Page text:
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Marine environment of the eastern and central Aleutian Islands

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Abstract:

Abstract

To examine the marine habitat of the endangered western stock of the Steller's sea lion (Eumetopias jubatus), two interdisciplinary research cruises (June 2001 and May to June 2002) measured water properties in the eastern and central Aleutian Passes. Unimak, Akutan, Amukta, and Seguam Passes were sampled in both years, and three additional passes (Umnak, Samalga, and Tanaga) were sampled in 2002. In the North Pacific (and to a lesser extent in the Bering Sea), a strong front in water properties was observed near Samalga Pass in June of both years, with significantly warmer, fresher, and more nitrate-poor water east of Samalga Pass than west of the pass. These water properties reflect differences in source waters (Alaska Coastal Current versus Alaskan Stream), mixing depth, and Bering Sea influence. Strong cross-Aleutian gradients were also observed with warmer, fresher water on the North Pacific side of the archipelago. The nutrient content of the waters flowing through the passes, combined with the effects of mixing within the passes, influences the transport of nutrients into the Bering Sea. As water moves away from the strong mixing of the passes and becomes more stratified, phytoplankton can take advantage of the enhanced nutrient concentrations. Thus, the northern side of the Aleutian Islands (especially in the lee of the islands) appears to be more productive. Combined with evidence of coincident changes in many ecosystem parameters near Samalga Pass, it is hypothesized that Samalga Pass forms a physical and biogeographic boundary between the eastern and central Aleutian marine ecosystems.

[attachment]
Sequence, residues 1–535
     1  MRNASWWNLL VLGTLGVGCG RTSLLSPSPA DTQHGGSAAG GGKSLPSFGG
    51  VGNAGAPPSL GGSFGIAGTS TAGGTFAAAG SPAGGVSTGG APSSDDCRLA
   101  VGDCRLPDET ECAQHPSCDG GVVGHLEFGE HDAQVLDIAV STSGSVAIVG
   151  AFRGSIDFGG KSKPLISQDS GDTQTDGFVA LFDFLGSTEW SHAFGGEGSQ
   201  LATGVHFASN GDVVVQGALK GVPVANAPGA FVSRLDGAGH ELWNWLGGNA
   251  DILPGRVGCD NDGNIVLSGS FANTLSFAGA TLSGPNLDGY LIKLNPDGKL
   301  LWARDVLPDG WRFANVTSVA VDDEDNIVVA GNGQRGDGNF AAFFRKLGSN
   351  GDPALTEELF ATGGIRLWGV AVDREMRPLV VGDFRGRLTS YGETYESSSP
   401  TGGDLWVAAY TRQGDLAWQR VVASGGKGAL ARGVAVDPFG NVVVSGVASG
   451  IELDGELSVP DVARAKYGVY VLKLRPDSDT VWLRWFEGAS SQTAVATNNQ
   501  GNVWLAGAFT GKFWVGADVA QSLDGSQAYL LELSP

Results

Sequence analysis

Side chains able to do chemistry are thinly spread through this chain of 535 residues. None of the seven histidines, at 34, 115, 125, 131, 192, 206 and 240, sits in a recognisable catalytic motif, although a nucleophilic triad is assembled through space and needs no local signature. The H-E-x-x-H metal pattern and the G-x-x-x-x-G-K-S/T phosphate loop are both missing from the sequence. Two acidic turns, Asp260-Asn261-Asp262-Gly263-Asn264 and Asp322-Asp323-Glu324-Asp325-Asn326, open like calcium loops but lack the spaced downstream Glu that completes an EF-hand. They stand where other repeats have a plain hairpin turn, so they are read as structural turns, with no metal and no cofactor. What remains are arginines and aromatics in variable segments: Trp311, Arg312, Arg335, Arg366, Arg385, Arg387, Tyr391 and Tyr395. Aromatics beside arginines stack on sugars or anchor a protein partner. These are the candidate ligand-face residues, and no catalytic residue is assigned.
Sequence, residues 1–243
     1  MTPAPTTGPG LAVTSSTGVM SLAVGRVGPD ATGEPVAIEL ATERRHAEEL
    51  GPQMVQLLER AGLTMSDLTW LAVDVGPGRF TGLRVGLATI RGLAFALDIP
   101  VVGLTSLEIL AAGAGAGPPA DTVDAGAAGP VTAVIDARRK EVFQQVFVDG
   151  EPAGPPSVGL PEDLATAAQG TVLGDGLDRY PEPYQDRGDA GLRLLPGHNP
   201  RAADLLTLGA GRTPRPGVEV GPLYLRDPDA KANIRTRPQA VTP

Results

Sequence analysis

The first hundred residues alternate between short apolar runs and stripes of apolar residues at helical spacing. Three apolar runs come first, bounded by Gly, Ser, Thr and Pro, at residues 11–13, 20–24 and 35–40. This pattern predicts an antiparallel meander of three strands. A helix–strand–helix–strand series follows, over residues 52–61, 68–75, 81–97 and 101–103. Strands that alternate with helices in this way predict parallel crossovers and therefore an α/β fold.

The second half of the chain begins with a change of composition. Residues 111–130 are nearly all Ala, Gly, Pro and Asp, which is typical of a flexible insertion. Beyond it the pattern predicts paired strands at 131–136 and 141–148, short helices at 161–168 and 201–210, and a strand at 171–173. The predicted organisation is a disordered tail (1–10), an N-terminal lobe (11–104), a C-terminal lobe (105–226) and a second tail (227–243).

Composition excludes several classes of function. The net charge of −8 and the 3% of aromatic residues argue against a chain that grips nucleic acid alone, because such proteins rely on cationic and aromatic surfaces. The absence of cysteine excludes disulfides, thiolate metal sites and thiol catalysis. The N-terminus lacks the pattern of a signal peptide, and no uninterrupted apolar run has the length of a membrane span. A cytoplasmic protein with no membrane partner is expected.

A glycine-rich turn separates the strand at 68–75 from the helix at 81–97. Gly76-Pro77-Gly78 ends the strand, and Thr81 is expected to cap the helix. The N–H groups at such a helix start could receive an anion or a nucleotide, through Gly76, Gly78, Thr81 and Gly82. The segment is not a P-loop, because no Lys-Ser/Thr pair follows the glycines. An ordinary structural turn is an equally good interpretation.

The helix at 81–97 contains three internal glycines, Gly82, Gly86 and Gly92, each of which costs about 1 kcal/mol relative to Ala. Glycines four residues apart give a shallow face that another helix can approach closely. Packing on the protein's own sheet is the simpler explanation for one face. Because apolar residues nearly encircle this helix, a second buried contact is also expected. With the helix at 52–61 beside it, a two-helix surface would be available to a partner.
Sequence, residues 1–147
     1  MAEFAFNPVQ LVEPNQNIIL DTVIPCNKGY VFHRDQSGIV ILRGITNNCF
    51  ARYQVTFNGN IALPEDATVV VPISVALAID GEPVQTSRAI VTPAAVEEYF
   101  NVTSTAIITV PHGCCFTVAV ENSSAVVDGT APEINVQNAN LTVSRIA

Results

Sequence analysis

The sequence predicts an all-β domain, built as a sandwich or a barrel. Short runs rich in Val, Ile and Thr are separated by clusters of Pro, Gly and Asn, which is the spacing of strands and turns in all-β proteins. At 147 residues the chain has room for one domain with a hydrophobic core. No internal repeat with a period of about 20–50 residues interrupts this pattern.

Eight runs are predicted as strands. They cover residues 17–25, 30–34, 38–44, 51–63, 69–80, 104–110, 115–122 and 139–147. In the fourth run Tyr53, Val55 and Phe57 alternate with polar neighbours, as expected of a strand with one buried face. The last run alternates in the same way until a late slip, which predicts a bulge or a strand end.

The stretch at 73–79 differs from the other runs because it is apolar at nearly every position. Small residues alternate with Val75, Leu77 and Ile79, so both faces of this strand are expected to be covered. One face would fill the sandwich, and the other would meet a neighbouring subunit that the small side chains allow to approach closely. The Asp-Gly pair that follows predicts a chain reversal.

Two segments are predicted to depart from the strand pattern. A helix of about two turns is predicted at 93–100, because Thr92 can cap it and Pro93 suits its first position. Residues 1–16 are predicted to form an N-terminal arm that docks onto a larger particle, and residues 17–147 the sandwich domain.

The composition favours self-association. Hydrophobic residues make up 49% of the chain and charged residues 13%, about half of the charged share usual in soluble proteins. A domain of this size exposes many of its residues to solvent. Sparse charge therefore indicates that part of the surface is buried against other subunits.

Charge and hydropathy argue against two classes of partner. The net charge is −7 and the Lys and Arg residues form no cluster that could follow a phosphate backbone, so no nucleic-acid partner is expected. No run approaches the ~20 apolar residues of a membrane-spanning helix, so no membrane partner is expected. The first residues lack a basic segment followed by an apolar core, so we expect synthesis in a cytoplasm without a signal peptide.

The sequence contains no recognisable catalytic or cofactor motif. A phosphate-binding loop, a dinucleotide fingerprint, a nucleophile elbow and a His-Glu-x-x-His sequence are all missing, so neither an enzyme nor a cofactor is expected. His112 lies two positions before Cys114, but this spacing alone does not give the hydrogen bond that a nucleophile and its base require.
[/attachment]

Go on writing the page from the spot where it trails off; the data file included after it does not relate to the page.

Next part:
Keywords: Aleutian Passes; Bering Sea; mixing; nutrients; water properties

Document Type: Research Article

DOI: http://dx.doi.org/10.1111/j.1365-2419.2005.00373.x

Affiliations: 1: Joint Institute for the Study of the Atmosphere and Ocean, University of Washington, Seattle, WA 98195-4235, USA 2: Pacific Marine Environmental Laboratory, NOAA, Seattle, WA 98115-6349, USA

Publication date: November 1, 2005

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